Centuries ago, the psalmist proclaimed, “Be still and know that I am God,” a command that pierces inner roiling, that slays grasping, sucking demons, both within and without, that lays bare our humanness. Naked, trembling, we stretch into the Unknown. We clench our fists. We prostrate before Mystery and wait, sometimes for moments; at others, for years.

Another Voice compels our full attention. Substantial life-change is at stake and we know it.

How to endure this madness, mirrored in dreams — madness that scorches, madness that incises, madness that storms? The darkness, impenetrable; the bondage, like tangled knots; the exhaustion, total.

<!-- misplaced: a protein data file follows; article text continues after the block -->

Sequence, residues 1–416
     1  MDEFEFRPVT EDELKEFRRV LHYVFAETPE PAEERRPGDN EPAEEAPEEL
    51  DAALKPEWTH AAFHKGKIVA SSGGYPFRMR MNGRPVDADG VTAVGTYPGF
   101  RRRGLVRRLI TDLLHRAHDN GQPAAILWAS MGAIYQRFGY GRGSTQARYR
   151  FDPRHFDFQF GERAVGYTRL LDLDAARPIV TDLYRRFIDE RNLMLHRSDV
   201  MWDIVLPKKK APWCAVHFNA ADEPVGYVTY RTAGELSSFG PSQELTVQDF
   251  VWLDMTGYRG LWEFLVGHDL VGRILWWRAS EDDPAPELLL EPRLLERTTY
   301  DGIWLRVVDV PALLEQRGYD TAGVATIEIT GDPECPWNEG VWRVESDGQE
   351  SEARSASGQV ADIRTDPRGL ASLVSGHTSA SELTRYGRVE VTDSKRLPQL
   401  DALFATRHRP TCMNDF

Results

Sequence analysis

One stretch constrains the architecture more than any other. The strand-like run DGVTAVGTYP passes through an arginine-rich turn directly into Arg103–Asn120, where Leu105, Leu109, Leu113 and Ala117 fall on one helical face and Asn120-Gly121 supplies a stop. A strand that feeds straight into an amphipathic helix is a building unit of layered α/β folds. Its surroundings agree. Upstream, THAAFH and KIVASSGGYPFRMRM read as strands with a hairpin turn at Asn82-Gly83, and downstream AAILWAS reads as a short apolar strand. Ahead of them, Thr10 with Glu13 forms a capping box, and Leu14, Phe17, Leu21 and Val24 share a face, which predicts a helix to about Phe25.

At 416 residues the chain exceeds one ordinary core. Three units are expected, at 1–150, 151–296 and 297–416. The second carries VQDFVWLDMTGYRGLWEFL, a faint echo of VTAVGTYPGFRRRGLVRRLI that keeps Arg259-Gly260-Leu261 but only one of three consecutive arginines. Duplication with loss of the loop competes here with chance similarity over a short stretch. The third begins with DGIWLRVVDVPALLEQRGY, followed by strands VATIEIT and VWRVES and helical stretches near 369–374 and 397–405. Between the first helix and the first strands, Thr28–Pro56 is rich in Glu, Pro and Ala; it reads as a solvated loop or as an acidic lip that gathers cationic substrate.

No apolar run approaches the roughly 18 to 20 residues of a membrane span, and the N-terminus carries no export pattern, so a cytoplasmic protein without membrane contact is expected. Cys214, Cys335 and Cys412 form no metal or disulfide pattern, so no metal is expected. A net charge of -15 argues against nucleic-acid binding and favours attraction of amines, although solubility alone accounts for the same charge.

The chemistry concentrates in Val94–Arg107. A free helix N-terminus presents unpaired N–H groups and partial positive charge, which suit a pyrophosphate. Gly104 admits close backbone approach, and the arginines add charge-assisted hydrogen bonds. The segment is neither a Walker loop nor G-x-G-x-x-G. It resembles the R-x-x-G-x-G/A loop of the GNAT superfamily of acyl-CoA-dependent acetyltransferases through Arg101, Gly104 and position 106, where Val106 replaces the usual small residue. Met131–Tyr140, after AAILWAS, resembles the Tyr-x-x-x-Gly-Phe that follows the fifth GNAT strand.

Indeed, this is a solitary war, a sweaty business of engagement and retreat, of binding up wounds and receiving new ones, of regrouping until learning to walk, upright, anew.

Such were the ten years spent composing my memoir, Elizabeth – learning to dress myself from the inside out. This process ripped out the faulty bedrock of my old life, only to reveal even deeper attachments and paradoxically deeper healing.

Daily dream-harvesting and meetings of Alcoholics Anonymous and Adult Children of Alcoholics keep this process fresh.